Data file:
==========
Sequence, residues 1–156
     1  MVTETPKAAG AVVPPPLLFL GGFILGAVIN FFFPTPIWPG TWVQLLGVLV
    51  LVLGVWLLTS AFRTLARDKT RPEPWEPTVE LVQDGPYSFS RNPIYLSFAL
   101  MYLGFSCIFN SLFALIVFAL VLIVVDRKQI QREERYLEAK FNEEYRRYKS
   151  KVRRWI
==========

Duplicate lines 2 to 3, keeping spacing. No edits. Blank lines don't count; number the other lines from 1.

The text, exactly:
     1  MVTETPKAAG AVVPPPLLFL GGFILGAVIN FFFPTPIWPG TWVQLLGVLV
    51  LVLGVWLLTS AFRTLARDKT RPEPWEPTVE LVQDGPYSFS RNPIYLSFAL